Herman Melville’s Ishmael claimed that a whale ship was his
I was lucky. My Aunt Helene Lasley, a beloved elementary school teacher in
I can still picture the children’s library upstairs in the original Sanders-Beach house, donated to the Gloucester Lyceum in 1884 by Samuel Sawyer, with its beautiful waterfront murals and shelf after shelf of books, which I despaired of ever reading my way through. The librarians, as helpful then as they are now, were always on hand to recommend books and point an avid reader in the right direction. Sometimes I would sit for hours on the carpeted floor of the children’s library, poring over the Holling C. Holling books on American Indians or reading one book after another in the “Oz” series without even taking them home. For a library is not merely a place where books (and today many learning media) are kept; a library is a refuge, a safe haven for the quiet pursuit and enjoyment of learning. A public library is one of the greatest gifts of a free society. We are even more fortunate today because our library has become the community’s cultural center, offering a variety of lectures, films, exhibits and literacy programs, all free of charge, that contribute to a lifetime of learning and pleasure.
Long before advanced education was an economic and social possibility for most citizens, the American public library system served that purpose. Eric Hoffer, longshoreman, social philosopher, and author of “The True Believer,” a seminal study of fanaticism, never attended school, though he was ultimately appointed research professor in political science at
Hoffer’s public library education, engrossingly detailed in a series of 1967 New Yorker articles by Calvin Tompkins, is only one of thousands of such experiences, mine included. For there is nothing like the freedom of a public library where we follow our own bent, picking and choosing among books, films, magazines, CDs and DVDs, in effect creating our own personal curriculum. And now we can also enjoy the wonders of the Internet, or simply use a computer to write on, although, for me, there is no substitute for the book in hand, the intimacy of our contact with the pages, the clarity of the type, its magic as we are swept away by words, images, stories, into new worlds.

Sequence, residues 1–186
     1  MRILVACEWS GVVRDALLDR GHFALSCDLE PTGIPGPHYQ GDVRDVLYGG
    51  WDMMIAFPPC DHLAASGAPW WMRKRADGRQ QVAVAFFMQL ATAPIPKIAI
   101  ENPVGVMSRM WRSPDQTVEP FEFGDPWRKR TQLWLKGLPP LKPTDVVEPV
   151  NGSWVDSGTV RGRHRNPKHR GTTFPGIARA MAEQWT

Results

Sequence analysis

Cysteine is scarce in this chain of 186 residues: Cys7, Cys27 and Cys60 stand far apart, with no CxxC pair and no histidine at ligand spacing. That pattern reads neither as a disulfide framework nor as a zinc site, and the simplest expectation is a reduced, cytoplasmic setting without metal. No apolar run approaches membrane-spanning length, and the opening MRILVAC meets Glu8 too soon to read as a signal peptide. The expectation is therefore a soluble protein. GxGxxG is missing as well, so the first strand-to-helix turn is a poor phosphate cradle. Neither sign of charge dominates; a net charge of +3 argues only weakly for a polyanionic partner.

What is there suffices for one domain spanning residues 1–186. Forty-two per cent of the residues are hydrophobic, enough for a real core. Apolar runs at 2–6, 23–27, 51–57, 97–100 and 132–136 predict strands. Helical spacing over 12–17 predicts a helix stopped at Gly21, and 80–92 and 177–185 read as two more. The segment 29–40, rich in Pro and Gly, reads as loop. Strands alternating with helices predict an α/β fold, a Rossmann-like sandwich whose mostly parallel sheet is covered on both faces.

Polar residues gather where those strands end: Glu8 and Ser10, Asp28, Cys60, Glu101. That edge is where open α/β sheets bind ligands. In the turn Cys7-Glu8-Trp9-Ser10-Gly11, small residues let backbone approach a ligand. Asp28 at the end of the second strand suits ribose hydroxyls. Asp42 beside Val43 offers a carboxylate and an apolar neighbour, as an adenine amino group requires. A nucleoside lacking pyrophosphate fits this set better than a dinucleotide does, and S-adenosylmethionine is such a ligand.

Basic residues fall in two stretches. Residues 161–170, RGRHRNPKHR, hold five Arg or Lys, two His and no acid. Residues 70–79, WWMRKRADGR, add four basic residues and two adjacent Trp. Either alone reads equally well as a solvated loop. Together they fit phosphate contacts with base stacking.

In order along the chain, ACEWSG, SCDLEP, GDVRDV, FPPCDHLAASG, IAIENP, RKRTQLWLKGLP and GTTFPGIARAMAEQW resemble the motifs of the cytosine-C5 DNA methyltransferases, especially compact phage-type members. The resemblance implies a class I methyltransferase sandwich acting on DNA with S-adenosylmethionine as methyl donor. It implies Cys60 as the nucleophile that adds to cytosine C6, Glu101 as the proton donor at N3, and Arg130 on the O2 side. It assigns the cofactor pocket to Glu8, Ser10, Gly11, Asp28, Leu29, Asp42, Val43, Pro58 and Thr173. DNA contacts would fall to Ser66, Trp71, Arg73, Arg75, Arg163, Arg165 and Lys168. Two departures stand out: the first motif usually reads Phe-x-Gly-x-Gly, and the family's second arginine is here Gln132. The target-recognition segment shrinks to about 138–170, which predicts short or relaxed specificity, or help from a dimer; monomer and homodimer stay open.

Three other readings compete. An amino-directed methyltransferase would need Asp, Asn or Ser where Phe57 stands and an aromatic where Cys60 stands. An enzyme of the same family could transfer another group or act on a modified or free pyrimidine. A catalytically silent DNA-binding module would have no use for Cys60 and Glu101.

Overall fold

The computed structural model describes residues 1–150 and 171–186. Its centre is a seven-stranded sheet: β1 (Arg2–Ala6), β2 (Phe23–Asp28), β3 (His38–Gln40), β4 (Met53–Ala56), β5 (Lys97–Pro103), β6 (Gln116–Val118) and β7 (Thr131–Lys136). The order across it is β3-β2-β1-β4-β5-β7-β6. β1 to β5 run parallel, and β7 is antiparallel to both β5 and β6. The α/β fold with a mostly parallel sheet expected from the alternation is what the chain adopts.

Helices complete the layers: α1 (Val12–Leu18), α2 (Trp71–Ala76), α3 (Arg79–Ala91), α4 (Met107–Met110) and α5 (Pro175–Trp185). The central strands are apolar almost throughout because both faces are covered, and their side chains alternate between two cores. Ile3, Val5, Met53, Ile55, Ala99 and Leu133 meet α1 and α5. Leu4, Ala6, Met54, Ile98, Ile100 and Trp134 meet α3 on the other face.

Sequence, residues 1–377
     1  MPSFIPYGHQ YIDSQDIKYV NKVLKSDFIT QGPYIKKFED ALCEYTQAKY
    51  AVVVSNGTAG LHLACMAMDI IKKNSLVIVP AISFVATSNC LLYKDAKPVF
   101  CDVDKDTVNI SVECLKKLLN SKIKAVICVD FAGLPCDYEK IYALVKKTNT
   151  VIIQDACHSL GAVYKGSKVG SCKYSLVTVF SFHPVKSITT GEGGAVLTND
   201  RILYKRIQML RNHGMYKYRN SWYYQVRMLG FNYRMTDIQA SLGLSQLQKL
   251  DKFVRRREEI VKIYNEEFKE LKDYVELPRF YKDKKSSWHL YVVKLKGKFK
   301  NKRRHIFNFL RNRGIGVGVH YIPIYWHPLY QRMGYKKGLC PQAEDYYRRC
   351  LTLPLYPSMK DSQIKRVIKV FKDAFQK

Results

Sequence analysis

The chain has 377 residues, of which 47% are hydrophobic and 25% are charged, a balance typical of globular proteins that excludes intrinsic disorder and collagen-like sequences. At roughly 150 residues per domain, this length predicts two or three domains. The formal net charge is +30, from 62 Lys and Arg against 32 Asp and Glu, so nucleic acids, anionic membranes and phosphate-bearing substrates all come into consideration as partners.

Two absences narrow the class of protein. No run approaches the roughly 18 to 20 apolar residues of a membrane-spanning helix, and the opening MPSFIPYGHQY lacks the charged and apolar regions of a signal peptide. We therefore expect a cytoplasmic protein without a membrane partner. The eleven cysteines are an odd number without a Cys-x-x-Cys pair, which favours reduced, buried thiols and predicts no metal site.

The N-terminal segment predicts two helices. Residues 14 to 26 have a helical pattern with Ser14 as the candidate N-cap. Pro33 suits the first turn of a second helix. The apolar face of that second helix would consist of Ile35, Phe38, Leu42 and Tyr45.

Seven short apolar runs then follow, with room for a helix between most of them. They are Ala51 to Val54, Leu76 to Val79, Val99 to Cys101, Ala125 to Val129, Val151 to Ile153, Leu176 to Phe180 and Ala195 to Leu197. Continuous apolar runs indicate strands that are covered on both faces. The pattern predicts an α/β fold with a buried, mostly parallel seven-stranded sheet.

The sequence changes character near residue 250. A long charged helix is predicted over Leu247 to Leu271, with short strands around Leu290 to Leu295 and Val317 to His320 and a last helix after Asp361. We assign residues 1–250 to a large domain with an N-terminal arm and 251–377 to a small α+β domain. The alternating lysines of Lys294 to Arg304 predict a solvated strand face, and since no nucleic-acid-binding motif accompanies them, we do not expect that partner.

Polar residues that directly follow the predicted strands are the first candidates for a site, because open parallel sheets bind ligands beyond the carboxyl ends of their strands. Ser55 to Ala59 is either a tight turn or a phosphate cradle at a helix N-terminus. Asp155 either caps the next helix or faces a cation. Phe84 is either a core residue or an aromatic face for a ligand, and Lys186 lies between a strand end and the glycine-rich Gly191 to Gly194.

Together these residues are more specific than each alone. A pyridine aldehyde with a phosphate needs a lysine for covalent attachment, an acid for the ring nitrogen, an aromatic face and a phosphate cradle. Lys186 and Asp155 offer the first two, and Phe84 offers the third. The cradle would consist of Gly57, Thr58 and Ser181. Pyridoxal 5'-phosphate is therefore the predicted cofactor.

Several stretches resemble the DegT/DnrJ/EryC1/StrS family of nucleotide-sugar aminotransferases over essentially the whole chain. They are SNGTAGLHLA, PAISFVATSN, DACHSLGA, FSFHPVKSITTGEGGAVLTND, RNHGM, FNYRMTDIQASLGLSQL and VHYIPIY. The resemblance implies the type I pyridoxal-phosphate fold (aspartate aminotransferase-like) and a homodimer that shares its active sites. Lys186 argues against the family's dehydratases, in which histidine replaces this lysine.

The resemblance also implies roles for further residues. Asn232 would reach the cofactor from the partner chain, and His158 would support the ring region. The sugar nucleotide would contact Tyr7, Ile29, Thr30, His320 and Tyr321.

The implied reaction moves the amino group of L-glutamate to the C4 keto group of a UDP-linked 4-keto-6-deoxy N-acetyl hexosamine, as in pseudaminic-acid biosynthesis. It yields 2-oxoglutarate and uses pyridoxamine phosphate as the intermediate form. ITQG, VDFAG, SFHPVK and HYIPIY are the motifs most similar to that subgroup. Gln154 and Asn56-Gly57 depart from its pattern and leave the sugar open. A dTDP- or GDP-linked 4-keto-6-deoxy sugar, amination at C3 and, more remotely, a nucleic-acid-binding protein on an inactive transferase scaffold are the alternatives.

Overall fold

It’s with my own deep gratitude for the gift of the Sawyer Free Library, which for me has really been a gift of life, that I write in support of the debt exclusion ballot soon to come before
This essay appeared as a "My View" column in the Gloucester Daily Times of April 3, 2007. On April 24, in a nearly 2-1 decision, as reported below by the Gloucester Daily Times, Gloucester voters rejected the debt exclusion ballot that would have provided the match to state funds for renovating the Sawyer Free Library. The Times itself had editorialized in favor of the measure, citing the importance to the city of an expanded, state-of-the-art library.